Ontario's acting auditor general says one in five patients who visited the province's emergency departments were only there because they did not have a family doctor.
Nick Stavropoulos has released an annual report that focuses on 12 value-for-money audits.
Four of those audits focused on health care, including an examination of emergency departments, health care in northern Ontario, the state of long-term care homes and Public Health Ontario.
Stavropoulos says Ontario did not have a provincewide strategy to help hospitals prevent temporary emergency department closures.
He has found hospitals continue to struggle with shortages of nurses and doctors and that patients are waiting an average of two hours before a physician assessment and there's a 24-hour wait for an in-patient.
Stavropoulos also says hospitals are becoming more reliant on nursing agencies to fill gaps, which comes at a significantly higher cost.
"The lack of a provincewide strategy to help hospitals prevent emergency department closures, in addition to ongoing staffing shortages, continues to put a strain on hospitals," Stavropoulos wrote in a statement.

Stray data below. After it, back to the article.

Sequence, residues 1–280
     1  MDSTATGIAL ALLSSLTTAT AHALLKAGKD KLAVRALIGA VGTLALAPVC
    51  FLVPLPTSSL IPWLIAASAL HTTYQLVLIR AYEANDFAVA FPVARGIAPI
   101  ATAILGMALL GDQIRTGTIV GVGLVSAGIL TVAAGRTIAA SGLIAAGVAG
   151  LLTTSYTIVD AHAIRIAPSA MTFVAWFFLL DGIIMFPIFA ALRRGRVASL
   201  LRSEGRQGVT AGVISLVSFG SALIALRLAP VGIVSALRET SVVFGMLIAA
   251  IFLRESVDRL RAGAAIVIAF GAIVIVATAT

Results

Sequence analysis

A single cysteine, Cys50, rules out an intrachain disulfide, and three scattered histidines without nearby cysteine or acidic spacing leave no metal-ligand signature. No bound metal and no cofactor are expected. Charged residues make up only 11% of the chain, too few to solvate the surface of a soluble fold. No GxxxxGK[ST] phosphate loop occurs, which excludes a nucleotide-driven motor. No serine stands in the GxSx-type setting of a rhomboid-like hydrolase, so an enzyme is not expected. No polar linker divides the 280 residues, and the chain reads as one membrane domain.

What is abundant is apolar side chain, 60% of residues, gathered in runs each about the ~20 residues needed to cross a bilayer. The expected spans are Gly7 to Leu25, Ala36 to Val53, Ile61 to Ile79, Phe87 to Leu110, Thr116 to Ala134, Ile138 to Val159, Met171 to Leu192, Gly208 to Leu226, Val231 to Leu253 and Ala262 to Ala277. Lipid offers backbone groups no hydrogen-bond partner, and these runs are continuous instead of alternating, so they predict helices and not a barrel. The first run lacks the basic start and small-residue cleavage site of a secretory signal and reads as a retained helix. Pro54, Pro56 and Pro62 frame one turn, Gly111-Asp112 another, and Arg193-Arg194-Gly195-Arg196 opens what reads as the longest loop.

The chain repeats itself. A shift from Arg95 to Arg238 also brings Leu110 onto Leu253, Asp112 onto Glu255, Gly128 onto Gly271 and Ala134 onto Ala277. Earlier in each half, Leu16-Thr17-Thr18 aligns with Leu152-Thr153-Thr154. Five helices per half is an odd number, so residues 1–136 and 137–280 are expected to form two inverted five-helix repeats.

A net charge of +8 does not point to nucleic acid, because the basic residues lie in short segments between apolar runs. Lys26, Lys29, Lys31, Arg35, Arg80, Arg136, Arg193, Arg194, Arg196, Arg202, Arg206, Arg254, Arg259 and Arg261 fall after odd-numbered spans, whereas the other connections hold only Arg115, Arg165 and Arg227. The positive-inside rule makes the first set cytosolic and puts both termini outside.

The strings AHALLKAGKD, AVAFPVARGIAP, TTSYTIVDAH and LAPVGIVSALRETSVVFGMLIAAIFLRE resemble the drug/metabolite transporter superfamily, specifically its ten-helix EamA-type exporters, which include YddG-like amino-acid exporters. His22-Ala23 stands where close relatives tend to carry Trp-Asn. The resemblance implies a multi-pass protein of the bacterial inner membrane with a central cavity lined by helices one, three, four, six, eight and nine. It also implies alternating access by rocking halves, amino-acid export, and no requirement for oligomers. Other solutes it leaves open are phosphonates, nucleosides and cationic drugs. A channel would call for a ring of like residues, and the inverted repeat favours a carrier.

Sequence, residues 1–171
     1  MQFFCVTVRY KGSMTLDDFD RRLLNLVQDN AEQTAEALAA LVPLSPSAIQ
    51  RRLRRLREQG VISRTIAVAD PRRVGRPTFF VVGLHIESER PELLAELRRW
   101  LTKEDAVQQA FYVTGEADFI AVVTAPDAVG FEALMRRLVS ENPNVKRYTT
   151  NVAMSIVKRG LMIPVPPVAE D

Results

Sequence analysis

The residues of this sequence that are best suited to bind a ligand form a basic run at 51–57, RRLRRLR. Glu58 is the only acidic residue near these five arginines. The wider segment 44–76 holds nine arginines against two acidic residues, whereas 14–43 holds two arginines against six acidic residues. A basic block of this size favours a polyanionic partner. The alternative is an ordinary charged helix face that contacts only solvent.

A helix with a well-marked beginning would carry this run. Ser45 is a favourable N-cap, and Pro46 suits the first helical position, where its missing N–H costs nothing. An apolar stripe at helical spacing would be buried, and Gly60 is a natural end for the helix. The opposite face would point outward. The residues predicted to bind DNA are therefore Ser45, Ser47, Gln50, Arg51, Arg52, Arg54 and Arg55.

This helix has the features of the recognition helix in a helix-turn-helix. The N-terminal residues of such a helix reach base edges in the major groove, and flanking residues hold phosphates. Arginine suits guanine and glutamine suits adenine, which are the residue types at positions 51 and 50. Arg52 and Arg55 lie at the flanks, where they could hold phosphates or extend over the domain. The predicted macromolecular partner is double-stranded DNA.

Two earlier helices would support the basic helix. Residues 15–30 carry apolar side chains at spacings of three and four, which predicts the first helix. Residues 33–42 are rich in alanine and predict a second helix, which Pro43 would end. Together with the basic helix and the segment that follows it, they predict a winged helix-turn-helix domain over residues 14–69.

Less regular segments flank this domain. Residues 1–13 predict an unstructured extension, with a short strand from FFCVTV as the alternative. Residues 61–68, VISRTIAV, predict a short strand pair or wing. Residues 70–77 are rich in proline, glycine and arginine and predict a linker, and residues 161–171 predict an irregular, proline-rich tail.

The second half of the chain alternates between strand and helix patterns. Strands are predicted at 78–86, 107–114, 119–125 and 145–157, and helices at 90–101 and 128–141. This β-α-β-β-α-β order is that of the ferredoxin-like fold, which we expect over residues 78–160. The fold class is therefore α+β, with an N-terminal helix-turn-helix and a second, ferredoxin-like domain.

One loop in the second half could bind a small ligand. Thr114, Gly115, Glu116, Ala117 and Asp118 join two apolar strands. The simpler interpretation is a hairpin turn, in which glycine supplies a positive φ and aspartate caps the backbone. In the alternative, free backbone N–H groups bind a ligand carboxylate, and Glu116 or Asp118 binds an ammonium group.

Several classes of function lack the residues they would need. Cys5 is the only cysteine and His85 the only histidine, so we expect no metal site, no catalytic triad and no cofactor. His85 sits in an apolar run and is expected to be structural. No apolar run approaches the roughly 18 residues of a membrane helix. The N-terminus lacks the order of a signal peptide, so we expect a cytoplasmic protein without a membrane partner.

"This means that patients are less likely to receive timely care when they need it."
Patients who needed life-saving care are still able to receive timely care, Stavropoulos found, but he noted that the average wait to first see a doctor is up by 30 minutes over the last 10 years.
There were more than 200 unplanned temporary emergency department closures in 23 hospitals between July 2022 and June 2023 due to doctor and nurse shortages.
The lack of triage nurses for patients coming in by ambulance prevents paramedics from returning to the road quickly, leading to what's known as off-load delays, Stavropoulos said.
Some hospitals have worked with paramedic services to improve turnaround times, but not all hospitals have done so.